A recent survey by specialist insurer Cigna New Zealand has found that New Zealanders over 60 years of age are young at heart and living well.
According to Cigna 360 Wellbeing Survey, 42% of respondents over 60 felt they were in excellent or good health, citing diet and exercise as an important part of their lives. Meanwhile, 25% said they were in good health and a mere 2% reported poor health. Of the 1000 New Zealanders surveyed, 125 were older than 60 years old.
The survey has also found that dairy was the most common item in the fridge of those over 60 at 98%, followed by fruit and vegetables at 95%. Those over 60 were also reported to be less likely to consume alcohol than other age groups, at 35% versus 31%.
Lance Walker, Cigna NZ CEO, said: “It was great to see how active and focused on wholefoods and health eating the older respondents were.”
“Some were still going to the gym or running on a regular basis and almost all reported a diet rich in fruit and vegetables. Their lifestyles are a model for us all.”
The survey also suggested that those over 60 are living their life well − with 96% believing that spending time with their spouse as the important part of their life, followed by children at 95% and parents at 82%.
The survey has also found that despite 65 being the retirement age in New Zealand, many respondents over the age of 60 were still happily and gainfully employed.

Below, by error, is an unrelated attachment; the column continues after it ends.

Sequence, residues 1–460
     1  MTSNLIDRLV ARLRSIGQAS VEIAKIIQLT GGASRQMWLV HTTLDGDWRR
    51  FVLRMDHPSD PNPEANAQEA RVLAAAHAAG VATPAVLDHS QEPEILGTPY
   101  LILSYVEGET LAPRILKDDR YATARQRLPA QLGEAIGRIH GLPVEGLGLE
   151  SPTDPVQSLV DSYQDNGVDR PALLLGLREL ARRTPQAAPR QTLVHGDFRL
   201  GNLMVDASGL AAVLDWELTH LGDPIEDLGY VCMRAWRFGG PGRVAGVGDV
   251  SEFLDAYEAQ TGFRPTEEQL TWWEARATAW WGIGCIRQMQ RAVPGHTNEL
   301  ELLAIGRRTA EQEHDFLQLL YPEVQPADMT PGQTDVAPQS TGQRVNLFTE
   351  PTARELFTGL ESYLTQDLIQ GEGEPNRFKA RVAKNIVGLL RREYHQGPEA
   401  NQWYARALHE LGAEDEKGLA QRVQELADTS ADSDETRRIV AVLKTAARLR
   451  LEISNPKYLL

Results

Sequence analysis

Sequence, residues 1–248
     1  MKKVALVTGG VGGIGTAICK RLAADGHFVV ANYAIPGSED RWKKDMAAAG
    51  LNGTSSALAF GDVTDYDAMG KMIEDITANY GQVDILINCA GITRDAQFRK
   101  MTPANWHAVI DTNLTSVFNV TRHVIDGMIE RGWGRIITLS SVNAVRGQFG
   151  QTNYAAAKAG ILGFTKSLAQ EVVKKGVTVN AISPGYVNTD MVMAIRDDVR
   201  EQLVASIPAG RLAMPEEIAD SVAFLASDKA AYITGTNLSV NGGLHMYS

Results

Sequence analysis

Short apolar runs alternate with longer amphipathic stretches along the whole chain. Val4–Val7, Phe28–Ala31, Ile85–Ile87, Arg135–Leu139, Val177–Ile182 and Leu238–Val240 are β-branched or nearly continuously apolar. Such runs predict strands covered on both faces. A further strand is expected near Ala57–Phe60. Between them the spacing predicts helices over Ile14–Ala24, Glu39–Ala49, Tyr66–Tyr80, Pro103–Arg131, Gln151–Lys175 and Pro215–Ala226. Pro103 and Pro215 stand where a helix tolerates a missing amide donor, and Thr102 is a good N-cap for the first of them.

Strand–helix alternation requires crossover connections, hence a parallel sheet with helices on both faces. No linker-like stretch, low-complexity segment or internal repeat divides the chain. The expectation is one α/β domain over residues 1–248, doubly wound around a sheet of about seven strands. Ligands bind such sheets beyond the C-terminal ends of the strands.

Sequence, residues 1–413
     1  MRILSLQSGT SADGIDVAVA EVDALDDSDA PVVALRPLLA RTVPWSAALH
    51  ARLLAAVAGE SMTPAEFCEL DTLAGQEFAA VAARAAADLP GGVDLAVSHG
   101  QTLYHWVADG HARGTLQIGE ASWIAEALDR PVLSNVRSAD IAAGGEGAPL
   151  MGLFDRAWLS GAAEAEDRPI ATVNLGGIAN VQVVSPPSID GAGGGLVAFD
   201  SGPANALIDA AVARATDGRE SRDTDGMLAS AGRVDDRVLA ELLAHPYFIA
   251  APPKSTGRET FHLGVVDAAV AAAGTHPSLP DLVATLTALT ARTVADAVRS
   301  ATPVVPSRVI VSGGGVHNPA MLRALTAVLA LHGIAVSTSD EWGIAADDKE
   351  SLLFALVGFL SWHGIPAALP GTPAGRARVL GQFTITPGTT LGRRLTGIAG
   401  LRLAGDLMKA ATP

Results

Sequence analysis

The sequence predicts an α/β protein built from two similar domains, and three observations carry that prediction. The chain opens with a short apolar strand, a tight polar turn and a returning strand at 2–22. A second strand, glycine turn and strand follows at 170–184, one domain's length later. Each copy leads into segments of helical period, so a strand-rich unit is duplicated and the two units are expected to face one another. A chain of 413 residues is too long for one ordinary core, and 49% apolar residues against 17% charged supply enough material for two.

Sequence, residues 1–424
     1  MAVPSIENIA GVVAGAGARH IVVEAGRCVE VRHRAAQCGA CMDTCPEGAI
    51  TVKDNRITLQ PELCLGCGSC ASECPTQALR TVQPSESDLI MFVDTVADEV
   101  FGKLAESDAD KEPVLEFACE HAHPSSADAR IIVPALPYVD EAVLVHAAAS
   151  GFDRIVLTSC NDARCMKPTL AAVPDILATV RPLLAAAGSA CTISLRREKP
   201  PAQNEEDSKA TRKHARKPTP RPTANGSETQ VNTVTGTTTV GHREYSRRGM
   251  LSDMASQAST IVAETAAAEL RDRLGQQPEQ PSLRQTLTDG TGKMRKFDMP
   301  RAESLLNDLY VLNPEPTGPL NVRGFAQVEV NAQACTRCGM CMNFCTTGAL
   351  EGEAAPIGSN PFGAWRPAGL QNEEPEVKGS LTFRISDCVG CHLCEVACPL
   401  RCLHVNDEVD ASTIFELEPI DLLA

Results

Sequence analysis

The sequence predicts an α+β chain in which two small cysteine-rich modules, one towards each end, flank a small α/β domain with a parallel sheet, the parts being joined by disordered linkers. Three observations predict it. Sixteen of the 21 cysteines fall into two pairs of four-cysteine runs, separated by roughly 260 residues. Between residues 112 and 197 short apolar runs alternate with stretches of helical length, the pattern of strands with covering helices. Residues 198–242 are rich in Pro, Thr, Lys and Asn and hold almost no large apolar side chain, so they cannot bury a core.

“They are also young at heart,” said Walker. “We found people’s definition of ‘old’ changes according to their age. Those in their early 20s defined 63 as old, whereas those over 60 considered old age started at 79.”
When it comes to financial planning, Cigna found it concerning that only 20% of those over 60 said they had sufficient funds for retirement.
Richard Poole, GrownUps GM, agreed with Cigna’s findings, saying “Our members continually tell us that life is only just beginning. New Zealanders would rather look forward than in the rear vision mirror when it comes to living life – 50 is seen as halfway.”
“There is no doubt that in many cases, it’s about attitude versus anything to do with age, restricted only by our body’s ability.”
This article is from Insurance Business NZ by Mina Martin.